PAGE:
n 2018, California activists passed Proposition 12, which made it illegal to sell pork in that state from hogs born to sows raised in pens that don’t meet California’s arbitrary standards. This law could cost us and my fellow Illinois hog farmers hundreds of thousands of dollars to comply – at a time when we’re already losing money on every hog we sell.
Nearly 100% of sows in the United States are raised outside California, which means a lot of other hog farmers are in the same boat, because activists lied to voters about how we raise and care for our animals and falsely claimed giving pigs more space would benefit them and public health. California’s own agriculture department even said the initiative would have little effect on animals and would provide no public health benefit. However, they believe it will ultimately lead to increased costs for working families at the grocery store and the state’s food programs, such as school meals for hungry children.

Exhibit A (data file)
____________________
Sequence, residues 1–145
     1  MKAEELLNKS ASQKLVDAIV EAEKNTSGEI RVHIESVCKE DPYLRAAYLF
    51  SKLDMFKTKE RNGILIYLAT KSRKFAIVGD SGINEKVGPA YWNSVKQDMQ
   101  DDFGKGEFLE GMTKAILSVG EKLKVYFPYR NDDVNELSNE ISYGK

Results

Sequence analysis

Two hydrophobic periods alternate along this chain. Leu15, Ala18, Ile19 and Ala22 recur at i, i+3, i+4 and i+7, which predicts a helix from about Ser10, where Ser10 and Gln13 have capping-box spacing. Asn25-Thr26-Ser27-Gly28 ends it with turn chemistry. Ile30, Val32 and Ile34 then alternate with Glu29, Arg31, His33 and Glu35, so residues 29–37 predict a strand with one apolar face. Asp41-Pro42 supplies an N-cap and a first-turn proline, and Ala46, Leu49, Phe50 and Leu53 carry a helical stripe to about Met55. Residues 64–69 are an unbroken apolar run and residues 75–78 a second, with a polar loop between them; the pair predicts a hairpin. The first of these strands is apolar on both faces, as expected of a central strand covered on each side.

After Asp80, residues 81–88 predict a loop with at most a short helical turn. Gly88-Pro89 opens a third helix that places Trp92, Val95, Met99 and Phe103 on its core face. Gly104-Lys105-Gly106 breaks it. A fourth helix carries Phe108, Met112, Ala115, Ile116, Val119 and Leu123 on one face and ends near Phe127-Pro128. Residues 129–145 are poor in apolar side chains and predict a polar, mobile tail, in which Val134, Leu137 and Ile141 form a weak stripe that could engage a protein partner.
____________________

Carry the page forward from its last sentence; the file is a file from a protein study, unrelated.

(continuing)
If we want to continue farming, Proposition 12 will undoubtedly raise the cost of producing pork for us and other hog farmers, which jeopardizes an Illinois industry that contributes $3.3 billion in economic value and supports nearly 34,000 jobs.
If we want to continue the legacy of our family farms, we cannot disregard California’s 40 million consumers. Hog farmers need our congressional lawmakers to find a solution to this issue. Reps. Nikki Budzinski and Eric Sorensen are allies and champions of Illinois agriculture, and we are counting on them more than ever to help protect us from California’s overregulation.
Submitted by pork producers
Darrell Stitzel, Shannon, Ill.
Phil Borgic, Raymond, Ill.
Jeff Bolomey, Carlinville, Ill.
This letter to the editor originally appeared in The Pantagraph and is reposted with permission.